“Nov. 22, 1963 is a day that I try not to remember, but one that I will never forget.”
MILITARY HISTORY is filled with strange coincidences.
Consider France’s Adolphe Pégoud, World War One’s first flying ace. The former civilian flight-instructor-turned-combat-pilot was fatally wounded in a dogfight on Aug. 31, 1915. Amazingly, the German aviator who killed him was Walter Kandulski, one of Pégoud’s pre-war flight students.
Then there was the case of Wesley Culp. The Pennsylvania native moved to Virginia before the Civil War and joined his new-found state’s army at the outbreak of hostilities. In 1863, Culp found himself in action on own childhood stomping grounds just outside the town Gettysburg. In fact, during the battle’s third and final day, the 24-year-old rifleman was shot and killed on a piece of land owned by his own family known as Culp’s Hill.
And let’s not forget Tsutomu Yamaguchi. The 29-year-old Japanese engineer was visiting Hiroshima on business on Aug. 6, 1945 when the American B-29 Enola Gay dropped an atom bomb on the city. Despite standing just two miles from ground zero, Yamaguchi survived the blast with minor wounds. He returned home to recuperate and by Aug. 9 he was back in his office, which was located in Nagasaki. As Yamaguchi was describing his recent ordeal to coworkers, history’s second atom bomb exploded above the city, just two miles from where he was standing.
An equally compelling story comes to us from Trisha Lindsey and Yoshika Lowe, authors of the recently-released Cold War Memories: A Retrospective on Living in Berlin. The book is made up of first-hand recollections from American military dependents, all of whom were stationed in the city during the 45-year U.S. occupation. One of the anecdotes, which comes from an American base brat in Berlin who would later join the Air Force, recounts an astounding series of coincidental encounters with one of the United States’ most popular presidents. The authors have provides us this excerpt.
It was June 26, 1963. I was reminded by my mother that President John F. Kennedy had arrived in Berlin, and was due to visit the American community shortly to give a speech.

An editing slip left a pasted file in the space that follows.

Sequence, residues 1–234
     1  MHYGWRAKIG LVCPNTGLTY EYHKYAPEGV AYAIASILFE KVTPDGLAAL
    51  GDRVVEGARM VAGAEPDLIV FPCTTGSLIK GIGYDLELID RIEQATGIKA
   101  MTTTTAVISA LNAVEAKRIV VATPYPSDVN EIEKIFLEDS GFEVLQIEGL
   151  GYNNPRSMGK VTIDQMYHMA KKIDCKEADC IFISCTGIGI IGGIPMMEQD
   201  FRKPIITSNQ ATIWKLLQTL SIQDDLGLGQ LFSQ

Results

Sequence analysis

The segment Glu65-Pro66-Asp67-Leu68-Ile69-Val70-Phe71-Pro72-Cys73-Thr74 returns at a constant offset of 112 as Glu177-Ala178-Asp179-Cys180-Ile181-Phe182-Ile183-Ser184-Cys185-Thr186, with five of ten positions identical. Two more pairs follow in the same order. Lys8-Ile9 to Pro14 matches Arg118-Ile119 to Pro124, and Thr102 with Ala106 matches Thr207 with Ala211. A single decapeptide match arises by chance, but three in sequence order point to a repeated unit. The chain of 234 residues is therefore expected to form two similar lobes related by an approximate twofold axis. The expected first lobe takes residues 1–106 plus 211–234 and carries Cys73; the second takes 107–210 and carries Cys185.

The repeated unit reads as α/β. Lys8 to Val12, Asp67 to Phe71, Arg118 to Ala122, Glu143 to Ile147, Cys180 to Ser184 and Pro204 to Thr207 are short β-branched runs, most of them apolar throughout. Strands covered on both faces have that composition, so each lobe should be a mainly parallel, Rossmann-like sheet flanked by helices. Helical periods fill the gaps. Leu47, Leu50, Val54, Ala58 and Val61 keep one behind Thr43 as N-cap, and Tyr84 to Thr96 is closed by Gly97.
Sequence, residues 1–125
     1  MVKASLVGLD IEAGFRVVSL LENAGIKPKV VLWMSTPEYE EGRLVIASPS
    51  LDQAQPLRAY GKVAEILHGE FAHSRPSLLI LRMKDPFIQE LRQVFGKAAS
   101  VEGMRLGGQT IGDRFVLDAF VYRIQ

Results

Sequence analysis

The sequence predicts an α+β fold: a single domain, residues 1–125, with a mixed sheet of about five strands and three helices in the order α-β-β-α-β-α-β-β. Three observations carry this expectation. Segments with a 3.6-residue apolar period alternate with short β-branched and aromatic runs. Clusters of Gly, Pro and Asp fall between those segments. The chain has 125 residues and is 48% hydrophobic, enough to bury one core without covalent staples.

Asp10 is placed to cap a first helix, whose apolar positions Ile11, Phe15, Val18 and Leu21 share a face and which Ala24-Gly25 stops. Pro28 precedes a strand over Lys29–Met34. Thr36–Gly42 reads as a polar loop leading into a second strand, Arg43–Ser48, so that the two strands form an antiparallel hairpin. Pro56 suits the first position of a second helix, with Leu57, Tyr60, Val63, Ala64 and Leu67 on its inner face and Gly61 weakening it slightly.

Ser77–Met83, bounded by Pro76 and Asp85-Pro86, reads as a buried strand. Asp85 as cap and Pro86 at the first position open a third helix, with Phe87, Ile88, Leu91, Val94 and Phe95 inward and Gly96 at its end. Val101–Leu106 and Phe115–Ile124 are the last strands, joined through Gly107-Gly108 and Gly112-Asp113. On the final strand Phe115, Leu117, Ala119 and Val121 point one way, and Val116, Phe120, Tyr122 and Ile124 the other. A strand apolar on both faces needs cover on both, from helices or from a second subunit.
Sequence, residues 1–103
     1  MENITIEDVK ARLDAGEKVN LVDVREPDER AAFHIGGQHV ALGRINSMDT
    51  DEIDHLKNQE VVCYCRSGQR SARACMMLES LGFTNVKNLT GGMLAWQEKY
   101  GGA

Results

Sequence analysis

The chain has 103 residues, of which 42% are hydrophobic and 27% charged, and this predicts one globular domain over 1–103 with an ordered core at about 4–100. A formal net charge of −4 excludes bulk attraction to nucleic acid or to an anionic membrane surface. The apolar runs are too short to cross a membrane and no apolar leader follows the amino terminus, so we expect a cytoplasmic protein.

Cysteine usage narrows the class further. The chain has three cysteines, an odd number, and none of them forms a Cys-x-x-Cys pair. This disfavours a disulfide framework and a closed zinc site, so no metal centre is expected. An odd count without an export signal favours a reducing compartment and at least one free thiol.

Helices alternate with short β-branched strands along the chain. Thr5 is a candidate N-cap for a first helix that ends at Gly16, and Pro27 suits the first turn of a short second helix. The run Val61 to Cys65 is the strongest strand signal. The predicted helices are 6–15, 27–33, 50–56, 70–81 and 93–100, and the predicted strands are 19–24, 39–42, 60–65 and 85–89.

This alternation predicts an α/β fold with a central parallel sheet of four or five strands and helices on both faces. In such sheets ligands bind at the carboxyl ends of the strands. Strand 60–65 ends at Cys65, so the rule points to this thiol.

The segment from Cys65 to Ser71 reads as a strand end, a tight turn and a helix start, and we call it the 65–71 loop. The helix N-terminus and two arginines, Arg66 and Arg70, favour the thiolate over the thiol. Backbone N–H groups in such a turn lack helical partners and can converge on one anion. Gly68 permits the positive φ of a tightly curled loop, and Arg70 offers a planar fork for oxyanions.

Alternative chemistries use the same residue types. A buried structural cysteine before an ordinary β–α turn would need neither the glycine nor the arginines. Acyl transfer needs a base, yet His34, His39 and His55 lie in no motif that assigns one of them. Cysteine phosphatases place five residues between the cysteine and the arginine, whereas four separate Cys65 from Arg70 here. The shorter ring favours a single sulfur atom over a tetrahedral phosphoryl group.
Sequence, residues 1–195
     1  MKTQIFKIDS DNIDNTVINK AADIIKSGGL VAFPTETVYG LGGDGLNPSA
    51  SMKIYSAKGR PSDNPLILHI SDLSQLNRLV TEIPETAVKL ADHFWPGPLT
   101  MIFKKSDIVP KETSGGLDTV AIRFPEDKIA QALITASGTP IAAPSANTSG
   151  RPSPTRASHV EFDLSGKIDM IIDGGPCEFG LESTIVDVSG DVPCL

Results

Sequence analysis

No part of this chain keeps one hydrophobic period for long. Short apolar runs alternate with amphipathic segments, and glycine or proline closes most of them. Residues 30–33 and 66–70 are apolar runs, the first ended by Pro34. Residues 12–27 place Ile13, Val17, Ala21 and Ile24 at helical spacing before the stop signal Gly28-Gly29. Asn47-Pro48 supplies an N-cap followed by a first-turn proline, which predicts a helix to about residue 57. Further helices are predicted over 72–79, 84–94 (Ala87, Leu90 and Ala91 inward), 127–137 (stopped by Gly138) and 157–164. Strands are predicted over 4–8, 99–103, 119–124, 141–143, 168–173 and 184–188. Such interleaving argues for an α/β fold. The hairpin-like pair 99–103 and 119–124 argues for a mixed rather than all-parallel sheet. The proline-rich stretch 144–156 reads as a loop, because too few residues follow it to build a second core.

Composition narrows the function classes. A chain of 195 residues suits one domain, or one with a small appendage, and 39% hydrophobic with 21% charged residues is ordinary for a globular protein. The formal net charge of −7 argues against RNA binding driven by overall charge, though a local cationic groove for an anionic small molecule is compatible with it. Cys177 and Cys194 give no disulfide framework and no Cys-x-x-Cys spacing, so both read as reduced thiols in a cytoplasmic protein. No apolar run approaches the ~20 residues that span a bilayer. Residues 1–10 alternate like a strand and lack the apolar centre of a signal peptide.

I grabbed my camera and we headed out of our apartment on Taylor Strasse, near the Outpost Theater, and crossed over to Clayallee, where the activities were taking place.
There was a huge crowd of about 200 to 300 American dependents, soldiers, and VIPs gathered in front of the podium which was all roped off. The president arrived and the crowd was all pumped up as the band was playing and soldiers from Andrews and McNair barracks were marching past the reviewing stand.
Minutes later, the president gave a rousing speech which lasted about 10 to 15 minutes, and that’s when it happened! He stepped from the podium and made his way around the roped security area greeting well-wishers along his route. As he rounded the corner, he walked so close to me that I lunged forward and grabbed his hand, pulling him closer so he could shake my mother’s hand. It was at that moment that I snapped a close up photograph of him as he was flanked by two of his Secret Service agents. I shouted out “Welcome to Berlin Mr. President,” and he replied “Thank you, it’s good to be here.”
I let go of his hand and he continued down the line. It wasn’t until several days later when the film was developed, that I saw the photograph that I took of him, and noticed the look on the Secret Service agents face focusing his attention on me when I grabbed the presidents hand.
A few months later, I left Berlin to live with my sister at McDill AFB in
Tampa, Florida, and subsequently decided to join the Air Force. On November 18, 1963, I was at an Air Force recruiting station in Tampa, when — in the middle of taking the Oath of Enlistment with two other individuals — in walks JFK on an inspection tour! He stayed until we completed the oath and shook our hands, congratulating us on our entry into the USAF.
I told the president that I had met him a few months earlier in Berlin, and he replied that he was so exhausted from that trip that he did not remember much.
Then, a mere 48 hours later, I was in my barracks at Lackland AFB in San Antonio, Texas, when my drill sergeant walked in and informed my flight that JFK was coming to Lackland the next day to inspect the troops — and we’d “better look sharp!” With our heads shaved and our brand new starched green fatigue uniforms, on Nov. 21, 1963, we stood at attention on the parade grounds at Lackland, as President Kennedy began to review the troops.
I was standing at attention in the middle of the formation as he walked past me rather briskly, but then he suddenly stopped, causing the top brass to almost run into him. He then performed what I would describe as a Michael Jackson “Moon Walk” backward to my position again, and turned to me stating — with a big smile –“Denitto! Good to see you again. How is the Air Force treating you?” I was stunned and replied “very well, Mr. President!” “Well, you go and have a nice career now,” he said. He turned to continue on.
The very next day at 1:20 p.m., while sitting on my foot locker polishing my boots, a message came over the intercom.
“Attention all personnel, The President of the United States was just shot and killed in Dallas.”
Nov. 22, 1963 is a day that I try not to remember, but one that I will never forget.